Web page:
The Adelaide community choir members, Mormons and friends who gathered at The Church of Jesus Christ of Latter-day Saints’ Firle Stake Centre to take part in a ‘Messiah-Sing’ enjoyed the experience so much that many have asked that it be held each year.
About 300 people attended the Sunday 3 April event organised in response to the Mormon Tabernacle Choir’s worldwide invitation for Handel’s Messiah enthusiasts to join in singing along with the choir’s broadcast performance of the beloved oratorio.
Members of four choirs – the Corinthian Singers, Choir Cecilia, Illumina and the Alexandrina Singers – took up the invitation extended to them locally by Adelaide LDS public affairs director Caroline McIlwaine. Boosted by a dozen or more LDS church members, the accomplished choristers delighted the audience by singing each of the choruses in unison with the Tabernacle Choir, whose Good Friday concert held at Salt Lake City, Utah, was shown on a large media screen.
For many, the appeal of the Messiah was not only the joy of music but also the faith-affirming lyrics that highlighted the life and mission of Jesus Christ.
“I would love to do it annually,” said Ruth Pryor of the Prospect Ward, who sang in the spontaneous choir.
“I just love it – and not only are we singing scripture, it is scripture about our Saviour and redeemer.”
Sheila Brown, of the Morialta Ward, also loved to sing but on this occasion she and her father, Ken Willoughby, went along to watch.
“I loved the evening! It was wonderful. I enjoyed listening to the live singers as much as the Tabernacle Choir. They added so much to the performance. It was a special spiritual experience for me and my dad.”
The youngest singers at the multi-Stake event were siblings Kira-Lee (19) and Isaac Chamings (17) of the Onkaparinga Ward.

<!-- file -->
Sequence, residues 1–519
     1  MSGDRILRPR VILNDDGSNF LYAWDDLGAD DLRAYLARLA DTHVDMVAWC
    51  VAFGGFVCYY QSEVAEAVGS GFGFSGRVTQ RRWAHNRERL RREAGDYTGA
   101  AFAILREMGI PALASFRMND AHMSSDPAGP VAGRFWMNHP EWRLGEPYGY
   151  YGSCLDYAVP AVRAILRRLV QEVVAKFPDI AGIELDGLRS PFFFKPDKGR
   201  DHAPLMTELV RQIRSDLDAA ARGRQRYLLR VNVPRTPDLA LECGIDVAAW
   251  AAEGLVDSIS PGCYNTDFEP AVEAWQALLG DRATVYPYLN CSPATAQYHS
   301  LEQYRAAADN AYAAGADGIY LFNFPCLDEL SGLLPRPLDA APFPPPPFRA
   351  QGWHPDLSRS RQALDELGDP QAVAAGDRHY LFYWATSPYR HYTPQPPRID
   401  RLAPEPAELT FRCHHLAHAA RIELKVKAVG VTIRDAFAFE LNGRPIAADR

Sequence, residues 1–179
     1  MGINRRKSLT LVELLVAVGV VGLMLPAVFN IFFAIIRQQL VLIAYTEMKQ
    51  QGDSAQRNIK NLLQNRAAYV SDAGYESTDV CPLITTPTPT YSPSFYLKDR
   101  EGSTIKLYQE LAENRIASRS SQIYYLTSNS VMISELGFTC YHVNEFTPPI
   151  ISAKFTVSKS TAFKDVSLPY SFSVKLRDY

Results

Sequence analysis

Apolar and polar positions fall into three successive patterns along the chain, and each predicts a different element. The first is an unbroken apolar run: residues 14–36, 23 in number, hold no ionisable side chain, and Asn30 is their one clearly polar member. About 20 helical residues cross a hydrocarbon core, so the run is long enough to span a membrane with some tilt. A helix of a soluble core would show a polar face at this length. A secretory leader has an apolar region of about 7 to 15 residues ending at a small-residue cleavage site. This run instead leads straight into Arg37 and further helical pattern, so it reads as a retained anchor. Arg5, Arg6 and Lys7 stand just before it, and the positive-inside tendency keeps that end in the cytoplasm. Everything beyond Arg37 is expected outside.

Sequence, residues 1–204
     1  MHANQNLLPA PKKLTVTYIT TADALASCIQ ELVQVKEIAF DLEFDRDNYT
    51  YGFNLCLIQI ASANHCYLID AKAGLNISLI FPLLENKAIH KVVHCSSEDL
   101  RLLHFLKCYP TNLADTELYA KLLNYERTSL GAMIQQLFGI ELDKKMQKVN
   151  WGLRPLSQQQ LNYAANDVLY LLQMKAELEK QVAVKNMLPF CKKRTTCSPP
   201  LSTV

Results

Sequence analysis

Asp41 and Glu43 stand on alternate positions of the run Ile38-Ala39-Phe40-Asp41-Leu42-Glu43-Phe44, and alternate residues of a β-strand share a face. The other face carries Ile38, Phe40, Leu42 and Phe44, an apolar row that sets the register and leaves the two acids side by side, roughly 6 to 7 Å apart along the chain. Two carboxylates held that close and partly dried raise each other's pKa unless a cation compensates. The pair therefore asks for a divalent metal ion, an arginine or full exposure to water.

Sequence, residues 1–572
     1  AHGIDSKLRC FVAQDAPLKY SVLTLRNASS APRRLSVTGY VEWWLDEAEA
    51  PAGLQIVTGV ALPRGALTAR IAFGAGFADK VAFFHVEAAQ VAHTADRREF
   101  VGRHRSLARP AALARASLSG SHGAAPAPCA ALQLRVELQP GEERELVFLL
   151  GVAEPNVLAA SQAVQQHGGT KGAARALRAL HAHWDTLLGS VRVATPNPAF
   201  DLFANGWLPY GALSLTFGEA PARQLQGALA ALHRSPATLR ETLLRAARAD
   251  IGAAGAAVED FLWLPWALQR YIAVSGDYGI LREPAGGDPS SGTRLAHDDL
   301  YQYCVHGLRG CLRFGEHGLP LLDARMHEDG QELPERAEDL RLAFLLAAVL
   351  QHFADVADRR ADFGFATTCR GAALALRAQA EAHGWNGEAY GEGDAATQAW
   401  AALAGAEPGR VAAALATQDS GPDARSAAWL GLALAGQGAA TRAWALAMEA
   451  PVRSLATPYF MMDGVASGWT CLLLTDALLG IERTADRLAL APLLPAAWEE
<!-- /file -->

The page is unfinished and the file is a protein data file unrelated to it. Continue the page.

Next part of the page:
“We actually went … not knowing what to expect, but when we walked in, we were told by a friend that singers should sit together on the left,” explained Kira-Lee.
“And I love to sing, so I thought we might as well sit with the singers. We didn’t have the music, but one of the lovely ladies behind us … lent us a copy. I was was pretty excited (because) I was part of a special interest music programme at high school, and we had learnt a couple of the Messiah songs in our choir. And Isaac is at the same school and is learning how to sight read music. It was so much fun, so uplifting, and we really enjoyed it!”
The Adelaide ‘Sing’ was one of many similar Messiah gatherings occurring in places as diverse as Romania and Lancashire, England. The opportunity finished on 5 April when the Tabernacle Choir’s concert – which was conducted by Mack Wilberg and featured the 360-member choir, the Orchestra at Temple Square and four soloists from the New York Metropolitan Opera – was no longer available via the internet.
According to some of the community singers who took part in Adelaide, post-Easter was the ideal time for them to participate.
“We can be tied up with our own concerts at Easter and Christmas, but I would love to join another ‘Messiah-Sing’ this time next year if you decide to hold it again,” said community chorister Sally Lightburn.
Members of the Multifaith Association of SA also attended and enjoyed the event.
Firle Stake President Rainer Korte, who oversaw the musical evening, said there were many highlights to the night.
“The music was inspiring, and so were the messages about Jesus Christ as the Messiah and redeemer of us all,” he said.
“But it also was wonderful to have the feeling of fellowship and inclusivity there.
“We we will certainly look at hosting a ‘Messiah-Sing’ again, given we are being asked by both our church members and our friends in the community.”
People who took part worldwide could share their experiences via the internet using the hashtag #MessiahLive.
The evening concluded with the Mormon.org Hallelujah! Easter video clip about the atonement of Jesus Christ. View the video here .
In the spirit of the first ever performance of Messiah – which was a benefit concert for the poor – people were invited to bring food items for donation to the St Vincent de Paul charity. As a result, about $700 worth of non-perishable food items were handed over to St Vinnies on Monday 4 April.